Individual patient data meta-analyses allow for time-to-event analyses and examination of new outcomes not previously reported (e.g., MV-free days and impact of tapering). By study day 28 (Fig. 1), fewer patients in the methylprednisolone group died before extubation (12% vs. 29%; p < 0.001) and more patients achieved extubation (80% vs. 50%; p < 0.001) and were discharged alive from the intensive care unit (75% vs 49%; p < 0.001). In the methylprednisolone group, time to extubation was shorter (hazard ratio 2.59, 95% CI 1.95–3.43, p < 0.001) and hospital mortality was lower (20% vs. 33%; p = 0.006). The results were similar in both the aggregate (eight studies) and individual patient meta-analyses (four studies). In addition, prolonged methylprednisolone treatment was associated with (i) increased MV-free days (13.3 ± 11.8 vs. 7.6 ± 5.7; p < 0.001), ICU-free days (10.8 ± 0.71 vs. 6.4 ± 0.85; p < 0.001), and hospital-free days to day 28 (7.0 ± 0.57 vs. 3.8 ± 0.68; p < 0.001), and a reduction in development of shock (3% vs. 15%; p < 0.001) and infections (32% vs. 41%; p = 0.001) after study entry. In the ARDS network RCT, rapid discontinuation of study drug after extubation was associated with return to mechanical ventilation for 26% of methylprednisolone-treated patients from reconstituted systemic inflammation in the presence of adrenal suppression [19]. Despite the partial loss of early benefits associated with return to mechanical ventilation, patients randomized prior to day 14 had a 25% [18 of 66 (27.3%) vs. 24 of 66 (36.4%); RR 0.75, CI 0.45 to 1.24] and 31% [18 of 66 (27.3%) vs. 26 of 66 (39.4%); RR 0.69, CI 0.42 to 1.13] relative reduction in 60-day and 180-day mortality, respectively [19].
Fig. 1
Fig. 1

Individual patient data from four randomized trials investigating prolonged methylprednisolone treatment in ARDS [13]: outcome related to achieving extubation and intensive care unit discharge by day 28

During the consensus process, an additional RCT was published by Tongyoo et al. [20] (hydrocortisone 7 days, no bolus, no tapering) and incorporated in the final analysis of the nine trials (n = 816). Overall, glucocorticoid treatment was associated with reduction in MV-free days (mean difference 6.36 days, 95% CI 2.94–9.77; p < 0.001) and decreased hospital mortality for those randomized before day 14 of ARDS (Fig. 2, 28.2% vs. 42.5%, risk ratio 0.68, 95% CI 0.57–0.82, I2 46%, p < 0.0001). The number to treat to save one life was 7. Except for transient hyperglycemia (mostly within the 36 h following an initial bolus), prolonged glucocorticoid treatment was not associated with increased risk for neuromuscular weakness [21], gastrointestinal bleeding, or nosocomial infections [9]. Importantly, the survival benefit observed during hospitalization persisted after hospital discharge with follow-up observations extending up to 1 year (limit of measurement) [3, 4, 16].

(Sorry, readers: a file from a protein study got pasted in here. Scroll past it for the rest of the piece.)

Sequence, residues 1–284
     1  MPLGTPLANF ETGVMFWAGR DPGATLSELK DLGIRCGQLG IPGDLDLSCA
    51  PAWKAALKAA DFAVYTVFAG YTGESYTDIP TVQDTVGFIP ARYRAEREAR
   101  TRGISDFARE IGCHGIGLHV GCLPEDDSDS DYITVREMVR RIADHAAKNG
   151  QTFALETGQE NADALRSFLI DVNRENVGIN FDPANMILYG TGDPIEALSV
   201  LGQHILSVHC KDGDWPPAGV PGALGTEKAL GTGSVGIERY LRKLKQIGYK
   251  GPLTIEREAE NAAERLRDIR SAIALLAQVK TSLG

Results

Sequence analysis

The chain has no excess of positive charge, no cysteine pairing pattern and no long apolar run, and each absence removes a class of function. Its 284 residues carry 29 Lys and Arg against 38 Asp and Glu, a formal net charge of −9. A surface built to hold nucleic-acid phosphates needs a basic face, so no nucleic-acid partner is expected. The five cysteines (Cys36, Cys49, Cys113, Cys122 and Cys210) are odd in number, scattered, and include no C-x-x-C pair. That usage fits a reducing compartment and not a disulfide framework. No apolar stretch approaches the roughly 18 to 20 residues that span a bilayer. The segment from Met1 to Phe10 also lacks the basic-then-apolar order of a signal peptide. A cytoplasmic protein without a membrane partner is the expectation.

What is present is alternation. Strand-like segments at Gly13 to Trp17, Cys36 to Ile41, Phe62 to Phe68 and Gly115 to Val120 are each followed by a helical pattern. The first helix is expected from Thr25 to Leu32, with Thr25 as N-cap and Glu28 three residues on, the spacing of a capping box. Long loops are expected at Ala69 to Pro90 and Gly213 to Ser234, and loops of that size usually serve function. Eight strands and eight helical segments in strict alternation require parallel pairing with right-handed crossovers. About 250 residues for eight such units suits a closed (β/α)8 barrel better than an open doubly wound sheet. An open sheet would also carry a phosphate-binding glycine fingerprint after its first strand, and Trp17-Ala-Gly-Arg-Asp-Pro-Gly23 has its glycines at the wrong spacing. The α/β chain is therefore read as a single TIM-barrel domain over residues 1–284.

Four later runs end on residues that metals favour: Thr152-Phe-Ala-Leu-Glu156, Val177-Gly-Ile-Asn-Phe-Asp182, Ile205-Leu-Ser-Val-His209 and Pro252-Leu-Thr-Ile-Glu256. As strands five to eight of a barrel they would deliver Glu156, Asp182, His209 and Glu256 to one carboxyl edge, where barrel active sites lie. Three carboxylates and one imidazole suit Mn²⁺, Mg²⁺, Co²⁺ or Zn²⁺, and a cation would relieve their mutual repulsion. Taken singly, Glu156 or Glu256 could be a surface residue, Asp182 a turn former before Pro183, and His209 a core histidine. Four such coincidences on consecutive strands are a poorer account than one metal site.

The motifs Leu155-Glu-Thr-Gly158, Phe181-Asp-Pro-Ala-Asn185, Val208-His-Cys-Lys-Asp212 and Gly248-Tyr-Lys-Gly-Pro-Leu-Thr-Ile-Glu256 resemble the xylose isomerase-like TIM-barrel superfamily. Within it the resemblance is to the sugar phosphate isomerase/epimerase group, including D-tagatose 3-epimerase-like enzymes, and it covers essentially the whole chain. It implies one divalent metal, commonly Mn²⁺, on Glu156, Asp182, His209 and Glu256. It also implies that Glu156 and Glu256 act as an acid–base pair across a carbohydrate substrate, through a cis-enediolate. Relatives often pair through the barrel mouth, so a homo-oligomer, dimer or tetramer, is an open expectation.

Fig. 2
Fig. 2

Forest plot of mortality in randomized trials of patients with ARDS, by glucocorticoid molecule. Hospital mortality for patients (n = 766) randomized before day 14 of ARDS onset in nine randomized trials investigating prolonged glucocorticoid treatment in ARDS. Comparison between randomized trials which investigated methylprednisolone (n = 272) vs. hydrocortisone (n = 494) treatment. M–H Mantel–Haenszel statistics, df degrees of freedom

The task force suggests administering (Table 1) methylprednisolone in patients with early (up to day 7 of onset; PaO2/FiO2 of ≤ 200) moderate-to-severe ARDS in a dose of 1 mg/kg/day (ideal body weight) and late (after day 6 of onset) persistent ARDS in a dose of 2 mg/kg/day followed by slow tapering over 13 days (conditional recommendation based on moderate quality of evidence). Furthermore, the task force suggested that methylprednisolone should be weaned slowly (6–14 days) and not stopped rapidly (2–4 days) or abruptly as deterioration may occur from the development of a reconstituted inflammatory response [9]. Since glucocorticoid treatment blunts the febrile response, infection surveillance was recommended to promptly identify and treat hospital-acquired infections [9].
Table 1

Methylprednisolone treatment of early moderate-to-severe ARDS and late unresolving ARDS

Early moderate-to-severe ARDS (PaO2:FiO2 ≤ 200 on PEEP 5 cmH20)

Time

Intravenous administration form

Dosage

 Loading

Bolus over 30 min

1 mg/kg

 Days 1 to 14*,†,‡

Infusion at 10 cc/hour

1 mg/kg/day

 Days 15 to 21*,‡

Infusion at 10 cc/hour

0.5 mg/kg/day

 Days 22 to 25*,‡

Infusion at 10 cc/hour

0.25 mg/kg/day

 Days 26 to 28*,‡

Infusion at 10 cc/hour

0.125 mg/kg/day

Unresolving ARDS = less than (a) one-point reduction in lung injury score or (b) or 100 improvement of in PaO2:FiO2

• By day 7 of ARDS in patients not receiving methylprednisolone for early ARDS

• By days 5–7 of ARDS in patients receiving methylprednisolone (above) for early ARDS

Time

Intravenous administration form

Dosage

 Loading

Bolus over 30 min

2 mg/kg

 Days 1 to 14*,†,‡

Infusion at 10 cc/hour

2 mg/kg/day

 Days 15 to 21*,‡

Infusion at 10 cc/hour

1 mg/kg/day

 Days 22 to 25*,‡

Infusion at 10 cc/hour

0.5 mg/kg/day

 Days 26 to 28*,‡

Infusion at 10 cc/hour

0.25 mg/kg/day

 Days 29 to 28*,‡

Bolus over 30 min

0.125 mg/kg/day